People prefer the genuine and value the real thing as most desirable. Thus, even in advertising, authenticity trumps creativity – a difficult axiom for creative advertisers to follow.
One lovely day in the summer of 2002, I had an in-person business meeting scheduled with an Englishman. He was a new client and I had been advised by a colleague who also rode motorcycles not to reveal myself as a motorcyclist until after a new business relationship had been cemented. Yet, it was a beautiful day and my motorcycle was a 2001 Triumph, made in England. I considered the sunshine and the English connection (if my client noticed that I arrived on a Triumph) an excuse to ride to the appointment.
Pass test in a blink Within minutes of my arrival, the Englishman led me out to the parking lot to show him my motorcycle. When he read the name on the gas tank, he whispered, ‘A Triumph.’ Then, taking on a dubious tone, he turned to me and said, ‘Aah, but was any of it made in England?’
Fortunately, Triumph had placed a tiny Union Jack decal above the taillight. I pointed to it, said yes, and witnessed a change in facial expression that suggested I had just passed a critical test.
That day, made-in-England Triumph delivered on the perception that authenticity equates with value. This is true of much more than motorcycles. Indeed, the perception of authenticity equates with value among informed and uninformed consumers in any market – so much that it often makes deep wells of creativity unnecessary in effective marketing.
Authenticity = value Because the concepts home-made and locally-grown trigger the impulse to buy, a small hand-made sign offering home-made relish made from locally-grown cucumbers helps to sell more hot dogs at a hot dog stand. Likewise, a poster of Shaun Cassidy from 1977 might sell at a garage sale today. The same poster autographed by Shaun Cassidy can fetch a high price on e-bay. These are further examples of how authenticity increases value.
You want the real thing? Authenticity relates to truthful origins. The word comes from the Greek authentikos which means original. An authentic claim is worthy of acceptance or belief as conforming to or based on fact. An authentic product is original or made in the same way as an original – not false or imitation. Other concepts related to authenticity include real, actual, and genuine – all hallmarks of value.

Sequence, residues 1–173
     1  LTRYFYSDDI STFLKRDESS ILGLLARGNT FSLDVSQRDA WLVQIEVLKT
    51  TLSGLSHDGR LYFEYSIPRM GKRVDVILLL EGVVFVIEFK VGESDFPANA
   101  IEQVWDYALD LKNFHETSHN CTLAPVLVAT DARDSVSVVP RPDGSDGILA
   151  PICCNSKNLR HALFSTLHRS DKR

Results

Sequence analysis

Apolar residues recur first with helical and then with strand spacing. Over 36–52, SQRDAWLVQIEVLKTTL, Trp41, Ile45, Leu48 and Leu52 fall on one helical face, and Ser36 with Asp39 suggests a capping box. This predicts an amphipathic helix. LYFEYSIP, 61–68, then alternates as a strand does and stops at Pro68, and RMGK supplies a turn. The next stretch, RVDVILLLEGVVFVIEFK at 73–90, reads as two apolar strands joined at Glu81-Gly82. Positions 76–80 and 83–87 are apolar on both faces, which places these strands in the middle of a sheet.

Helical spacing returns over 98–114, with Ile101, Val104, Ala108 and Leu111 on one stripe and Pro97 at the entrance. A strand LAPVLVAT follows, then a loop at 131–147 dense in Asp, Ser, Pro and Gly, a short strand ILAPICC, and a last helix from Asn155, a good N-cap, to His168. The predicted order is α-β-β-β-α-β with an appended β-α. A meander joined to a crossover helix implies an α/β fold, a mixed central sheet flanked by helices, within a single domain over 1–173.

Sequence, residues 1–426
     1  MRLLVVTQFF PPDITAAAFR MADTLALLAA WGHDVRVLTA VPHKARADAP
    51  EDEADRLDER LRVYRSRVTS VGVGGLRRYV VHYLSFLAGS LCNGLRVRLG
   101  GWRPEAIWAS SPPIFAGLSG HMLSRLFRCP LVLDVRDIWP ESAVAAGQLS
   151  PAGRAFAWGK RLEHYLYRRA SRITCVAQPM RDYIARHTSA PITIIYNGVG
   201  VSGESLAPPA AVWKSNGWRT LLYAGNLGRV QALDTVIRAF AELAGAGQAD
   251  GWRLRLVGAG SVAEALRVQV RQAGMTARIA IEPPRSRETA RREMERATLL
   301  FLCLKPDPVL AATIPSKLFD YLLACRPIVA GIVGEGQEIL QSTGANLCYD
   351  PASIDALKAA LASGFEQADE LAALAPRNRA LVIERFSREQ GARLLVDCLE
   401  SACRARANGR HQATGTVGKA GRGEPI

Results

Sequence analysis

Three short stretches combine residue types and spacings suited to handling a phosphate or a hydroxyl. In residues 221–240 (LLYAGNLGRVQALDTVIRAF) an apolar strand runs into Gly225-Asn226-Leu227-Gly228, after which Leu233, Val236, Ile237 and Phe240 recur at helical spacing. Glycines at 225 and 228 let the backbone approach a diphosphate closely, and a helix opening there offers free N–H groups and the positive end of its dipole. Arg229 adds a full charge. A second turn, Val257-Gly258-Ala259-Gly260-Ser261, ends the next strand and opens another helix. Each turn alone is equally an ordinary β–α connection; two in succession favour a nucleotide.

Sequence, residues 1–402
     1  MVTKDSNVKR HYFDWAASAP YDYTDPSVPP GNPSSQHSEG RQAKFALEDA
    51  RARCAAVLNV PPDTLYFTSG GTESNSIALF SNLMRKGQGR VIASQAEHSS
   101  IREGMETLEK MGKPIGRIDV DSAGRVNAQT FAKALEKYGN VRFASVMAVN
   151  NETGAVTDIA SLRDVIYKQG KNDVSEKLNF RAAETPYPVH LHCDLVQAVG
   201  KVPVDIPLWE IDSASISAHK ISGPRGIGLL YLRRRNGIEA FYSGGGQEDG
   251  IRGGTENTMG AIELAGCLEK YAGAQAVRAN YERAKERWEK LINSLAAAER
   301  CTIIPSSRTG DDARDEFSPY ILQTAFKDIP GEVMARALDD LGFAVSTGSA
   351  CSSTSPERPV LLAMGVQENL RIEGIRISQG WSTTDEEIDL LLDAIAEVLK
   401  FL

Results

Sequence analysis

Generally, people avoid substitutes or pay less for them when they can have the real thing. So, in 1969-70, Coke successfully advertised with the slogan, ‘It’s the real thing.’ When you buy a pair of Levi-Strauss jeans, the label declares, ‘This is a genuine pair of Levi’s jeans.’ These companies understand the value/authenticity connection.
Fakers keep out Typically image-conscious teens still use the labels want to-be and poser as insults. Likewise, the perception that a brand merely tries to be what it claims to be turns off consumers of all ages. People are also turned off by far-fetched claims. Below, a claim that Ladysmith, British Columbia has a ‘heavenly’ climate exemplifies this.
Creativity better than honesty? When marketers take the route of simple, truthful authenticity, their markets often reward them with success. Yet, the supreme status of creativity is so deeply ingrained in the ad industry that advertising executives refuse to pay attention – or feel that they can do much better.
Creativity is viewed as so basic a requirement in advertising that people in that line of work seldom mention it, except to promote themselves to other industries. Yet, while creativity that is also original may be lauded, danger arises when creativity is divorced from authenticity. The results from an Association for Consumer Research poll ‘strongly suggest that consumers are deeply skeptical of advertising claims. Moreover, public opinion has remained extraordinarily constant [about this for at least] two decades.’ Thus, public opinion considers creativity insignificant at best when companies and institutions take their messages to market.
For an example of creativity gone too far, consider the climate in Ladysmith, British Columbia. Ladysmith has a mild coastal climate. The summers tend to be sunny and dry; seldom hot. Bringing months of cloud and rain, the spring and autumn typically seem to run together. Despite mild temperatures, the short days and persistent damp gloom of winter lead some residents into depression. Regardless, a brochure promoting condos in Ladysmith claims a ‘heavenly’ climate year-round.
Ignore user experience? One advertising agency that, incidentally, repeatedly wins awards for graphic design, apparently sees no place for actuality in the creative campaigns it develops. It uses a word-association game to generate campaign concepts. Let me explain.
If the client’s business were Mountainside Soapworks, for example, the agency’s staff would work with six columns of words on a whiteboard. At the top of each column would be the words mountain, side, mountainside, soap, works, and soapworks. The creative team brainstorms and lists associated words below these headings.